Why Hollywood Loves A Certain Kind of Bollywood
For reasons best known to its editors, Time magazine decided to make a list of the ten best movies of the millenium thus far. The publication offers no reason for this whimsical decision, but no one’s complaining, including the Indian media which has tom-tomed the inclusion of our very own Devdas at number 8. What’s not to like about a Bollywood movie keeping the prestigious company of the likes of Avatar, Lord of the Rings, and Crouching Tiger, Hidden Dragon.
The list has its share of bizarre omissions—no room here for Memento, No Country for Old Men—but the choice of Sanjay Leela Bhansali’s magnum opus as the sole Indian movie is entirely predictable. Devdas has all the elements that have made Bollywood a favourite with international critics, especially of the American kind.
“Devdas is a visual ravishment, with sumptuous sets, fabulous frocks and beautiful people to fill them; it has a grandeur the old Hollywood moguls would have loved,” raves Time critic Richard Corliss, “The piece is played with such commitment that the tritest plot twists seem worth believing— and dancing to, in nine nifty production numbers.”
Sure the acting is mediocre, the plot is hackneyed, but who cares when it looks so pretty with those adorable dance routines. Tho thweet, yaar! Our movies are newly beloved precisely because they are seen not as great cinema but as a cultural experience of the wild, wild East. Bye bye, poverty porn; hello, exotic travel porn.
In the past—and much to our collective irritation—the only Indian cinema that earned any respect in the US was of the serious kind. Movie critics would swoon over the likes of Satyajit Ray, while disdaining our mainstream movies as over-the-top escapist trash. Finally, commercial Hindi movies are getting the respect they deserve…
Well, “respect” may be the wrong word. Bollywood is now the official bimbo of the international film scene. No one cares what our movies say as long as they look good and offer mindless fun. In fact, that’s our designated job according the kitsch-is-cool pose adopted by American critics. Cartoonish characters, absurd plotlines and bad dialogue? Thank you, that’s exactly what we ordered, with a giant serving of exotic locales, dance numbers, and costumes, please!
Writing in the New American Media back in 2009, my colleague Sandip Roy pinpoints his discomfort with this love affair at a theatre in San Francisco:
Even as we laughed and rolled our eyes at the excess of it all, we stiffened when we heard the blonde woman behind us sniggering.
I was thrilled that this candy-color, emotionally charged melodrama was leaping across cultures and entertaining a diverse audience.
But the nagging doubt remains—what really does cross over?… Bollywood is so visually overpowering, so defiant of logic in its Technicolor splendor, that it’s just too easy to get caught up in the spoofiness of it all.
On-screen, Shah Rukh Khan’s face is quivering with emotion. The blonde woman behind me is chuckling at everything: the painful buffoonery of the comic relief, the little kid with the stagy lines, the syrupy romantic scenes where thundershowers and shooting stars appear on cue. The camp crosses over. The heart stays behind, lost in the subtitles.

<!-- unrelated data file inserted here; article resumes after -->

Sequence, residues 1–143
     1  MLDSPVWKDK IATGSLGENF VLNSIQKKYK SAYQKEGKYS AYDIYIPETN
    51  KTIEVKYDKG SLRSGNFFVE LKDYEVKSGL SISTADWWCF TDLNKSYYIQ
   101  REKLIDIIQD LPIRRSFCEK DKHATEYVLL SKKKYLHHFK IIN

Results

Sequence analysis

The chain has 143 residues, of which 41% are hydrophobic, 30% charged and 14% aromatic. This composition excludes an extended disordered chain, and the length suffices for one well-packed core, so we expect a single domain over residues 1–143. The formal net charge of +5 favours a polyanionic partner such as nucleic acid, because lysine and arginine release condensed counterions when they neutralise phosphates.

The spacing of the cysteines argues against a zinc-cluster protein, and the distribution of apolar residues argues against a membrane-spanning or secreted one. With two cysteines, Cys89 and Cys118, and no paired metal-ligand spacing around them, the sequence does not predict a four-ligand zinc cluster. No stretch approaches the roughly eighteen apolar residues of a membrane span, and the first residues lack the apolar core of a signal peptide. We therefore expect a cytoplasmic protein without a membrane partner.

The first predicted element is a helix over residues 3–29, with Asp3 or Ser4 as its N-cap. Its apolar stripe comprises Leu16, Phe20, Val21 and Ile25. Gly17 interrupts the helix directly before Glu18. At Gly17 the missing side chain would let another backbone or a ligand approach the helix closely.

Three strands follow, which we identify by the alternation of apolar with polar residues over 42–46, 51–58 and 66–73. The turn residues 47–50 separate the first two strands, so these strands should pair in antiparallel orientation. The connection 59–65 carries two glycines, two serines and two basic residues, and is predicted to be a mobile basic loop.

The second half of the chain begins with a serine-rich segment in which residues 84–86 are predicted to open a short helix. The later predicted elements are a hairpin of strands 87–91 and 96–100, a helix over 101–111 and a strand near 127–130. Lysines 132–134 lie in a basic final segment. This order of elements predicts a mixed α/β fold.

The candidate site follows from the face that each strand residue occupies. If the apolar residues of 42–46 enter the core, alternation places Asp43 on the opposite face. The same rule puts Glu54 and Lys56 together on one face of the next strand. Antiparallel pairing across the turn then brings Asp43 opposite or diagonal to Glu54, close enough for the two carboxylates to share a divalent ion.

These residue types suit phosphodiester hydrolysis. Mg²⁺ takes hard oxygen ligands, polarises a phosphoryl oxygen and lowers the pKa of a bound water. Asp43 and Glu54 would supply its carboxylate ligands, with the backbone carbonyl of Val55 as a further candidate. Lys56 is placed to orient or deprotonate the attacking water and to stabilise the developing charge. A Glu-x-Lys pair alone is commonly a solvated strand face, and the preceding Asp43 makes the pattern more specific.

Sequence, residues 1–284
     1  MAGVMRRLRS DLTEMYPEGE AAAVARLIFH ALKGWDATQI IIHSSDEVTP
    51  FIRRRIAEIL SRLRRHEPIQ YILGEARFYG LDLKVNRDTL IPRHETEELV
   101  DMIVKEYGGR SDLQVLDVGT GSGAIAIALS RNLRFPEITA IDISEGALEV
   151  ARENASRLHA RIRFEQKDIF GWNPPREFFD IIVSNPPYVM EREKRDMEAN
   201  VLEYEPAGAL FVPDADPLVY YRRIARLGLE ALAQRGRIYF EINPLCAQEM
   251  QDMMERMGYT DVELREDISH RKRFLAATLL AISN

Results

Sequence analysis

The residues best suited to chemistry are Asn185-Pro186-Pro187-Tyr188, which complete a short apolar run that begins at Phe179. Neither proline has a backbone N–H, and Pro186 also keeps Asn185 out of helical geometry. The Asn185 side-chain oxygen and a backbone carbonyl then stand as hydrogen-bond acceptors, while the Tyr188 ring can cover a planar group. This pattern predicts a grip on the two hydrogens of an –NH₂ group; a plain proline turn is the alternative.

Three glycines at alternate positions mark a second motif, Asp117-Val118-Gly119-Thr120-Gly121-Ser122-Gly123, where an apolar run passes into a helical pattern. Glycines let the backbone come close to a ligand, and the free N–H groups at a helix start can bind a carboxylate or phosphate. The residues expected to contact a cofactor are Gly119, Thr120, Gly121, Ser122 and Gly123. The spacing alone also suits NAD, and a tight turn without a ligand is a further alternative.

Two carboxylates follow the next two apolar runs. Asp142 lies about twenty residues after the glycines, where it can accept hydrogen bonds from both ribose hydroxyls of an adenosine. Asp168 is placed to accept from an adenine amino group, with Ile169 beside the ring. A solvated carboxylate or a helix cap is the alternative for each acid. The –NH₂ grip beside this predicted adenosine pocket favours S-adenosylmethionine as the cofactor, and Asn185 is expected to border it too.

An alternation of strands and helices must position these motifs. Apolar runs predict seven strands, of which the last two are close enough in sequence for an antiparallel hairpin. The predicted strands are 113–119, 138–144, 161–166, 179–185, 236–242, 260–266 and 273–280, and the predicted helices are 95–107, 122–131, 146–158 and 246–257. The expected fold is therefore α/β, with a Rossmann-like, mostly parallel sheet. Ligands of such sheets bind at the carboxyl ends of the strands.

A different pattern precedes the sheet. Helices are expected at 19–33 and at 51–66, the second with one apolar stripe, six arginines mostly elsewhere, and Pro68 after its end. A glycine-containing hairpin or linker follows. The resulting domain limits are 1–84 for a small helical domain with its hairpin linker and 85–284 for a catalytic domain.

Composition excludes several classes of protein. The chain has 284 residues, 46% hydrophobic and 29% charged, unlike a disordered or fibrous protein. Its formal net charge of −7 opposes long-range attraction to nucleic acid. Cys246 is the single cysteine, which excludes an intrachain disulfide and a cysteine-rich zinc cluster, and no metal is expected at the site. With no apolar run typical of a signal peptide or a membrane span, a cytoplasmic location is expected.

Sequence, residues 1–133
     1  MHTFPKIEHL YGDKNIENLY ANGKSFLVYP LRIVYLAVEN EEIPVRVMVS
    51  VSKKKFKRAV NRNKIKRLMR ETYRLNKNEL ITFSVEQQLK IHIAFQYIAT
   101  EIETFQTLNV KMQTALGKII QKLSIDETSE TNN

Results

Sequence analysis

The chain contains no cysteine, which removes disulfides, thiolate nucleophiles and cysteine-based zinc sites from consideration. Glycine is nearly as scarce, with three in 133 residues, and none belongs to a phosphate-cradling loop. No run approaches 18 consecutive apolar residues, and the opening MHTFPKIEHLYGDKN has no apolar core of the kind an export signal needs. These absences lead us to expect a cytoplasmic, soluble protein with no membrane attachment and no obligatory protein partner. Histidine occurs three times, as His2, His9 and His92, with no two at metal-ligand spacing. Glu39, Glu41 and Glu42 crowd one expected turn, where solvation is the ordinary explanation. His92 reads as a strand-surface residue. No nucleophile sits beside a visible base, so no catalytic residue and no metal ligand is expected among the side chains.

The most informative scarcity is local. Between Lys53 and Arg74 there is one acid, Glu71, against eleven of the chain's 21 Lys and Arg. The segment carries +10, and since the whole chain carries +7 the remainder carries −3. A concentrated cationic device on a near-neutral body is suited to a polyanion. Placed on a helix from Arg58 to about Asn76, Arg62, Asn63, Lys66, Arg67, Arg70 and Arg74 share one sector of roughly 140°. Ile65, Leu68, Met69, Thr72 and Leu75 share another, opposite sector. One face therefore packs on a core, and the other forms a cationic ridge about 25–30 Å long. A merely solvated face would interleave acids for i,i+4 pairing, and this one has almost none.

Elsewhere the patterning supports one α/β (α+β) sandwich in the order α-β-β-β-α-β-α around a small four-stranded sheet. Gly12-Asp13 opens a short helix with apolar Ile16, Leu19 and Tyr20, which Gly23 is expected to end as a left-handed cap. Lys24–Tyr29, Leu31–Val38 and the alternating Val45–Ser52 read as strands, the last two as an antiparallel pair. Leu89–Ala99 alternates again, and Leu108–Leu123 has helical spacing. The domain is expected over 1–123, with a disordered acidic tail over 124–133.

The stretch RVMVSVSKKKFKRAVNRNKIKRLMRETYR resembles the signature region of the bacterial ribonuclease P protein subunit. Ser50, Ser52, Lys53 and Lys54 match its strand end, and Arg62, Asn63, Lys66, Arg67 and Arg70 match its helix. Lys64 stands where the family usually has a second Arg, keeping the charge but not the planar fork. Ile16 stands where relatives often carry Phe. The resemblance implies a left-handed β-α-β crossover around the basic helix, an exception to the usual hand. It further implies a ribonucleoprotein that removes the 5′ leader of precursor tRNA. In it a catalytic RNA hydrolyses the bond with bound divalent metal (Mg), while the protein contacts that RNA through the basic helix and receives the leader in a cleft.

In American eyes, Bollywood becomes the cinematic equivalent of going to the circus. Bring on the clowns, the jugglers, the crazy acrobatics—and you get a pass on the stuff that real movies are judged on. And so it is that Ra.One which is almost universally panned by Indian critics for its clunky acting and weak plot gets rave reviews in the United States.
“Anubhav Sinha’s exhilarating fantasy Ra.One is Bollywood at its best [emphases added],” raves the Los Angeles Times. Ra.One, in other words, is the best of what Bollywood represents to the American mind. Rachel Saltz calls it “a kind of entertainment machine set to dazzle,” and concludes:
But if the storytelling disappoints (shocking!), the film mostly doesn’t. It relies on action and effects and Bollywood’s trump card, star power, to carry the day. This is Mr. Khan’s movie, and once he sheds Shekhar’s droopy locks, he shines as the deadpan, action-hero robot with digital snot and smooth moves on the dance floor.
Saltz, in fact, expects Ra.One to have a crappy script and performances because they are part of the signature Bollywood style. Indian cinema suffers from what George Bush once described as “the soft bigotry of low expectations”. And it’s all the more amusing that the very same Saltz shrugs off Peepli [Live] with a dour, very short review because the “script runs out of juice”. Script becomes a problem because Rizvi failed to offer Saltz what she wants, nay expects, from her Bollywood flick: SRK and Kareena shimmying to “Chamak Challo”.
And where Devdas gets kudos for evoking old Hollywood grandeur, Peepli is knocked by Movieline for mirroring themes of more weighty American movies like Meet John Doe:
I suspect that Peepli Live will have more success with its Indian viewership, mainly because I imagine they are less familiar with the mode of social satire… And while the setting and the specifics are different here, the approach feels worn out… I just wish what she had to tell us about the India of today might have taken a form less distractingly reminiscent of the American classics of yesteryear.
The underlying message is that “serious” cinema is best left to those who know how—in Hollywood, France, even Iran. Our job on the international cinema stage is simple: look pretty and play dumb, kinda like Pamela Anderson.
This story by Lakshmi Chaudhry was originally published on Firstpost.com.Tags: Bollywood, Devdas, Film, First Post, Media, Time magazine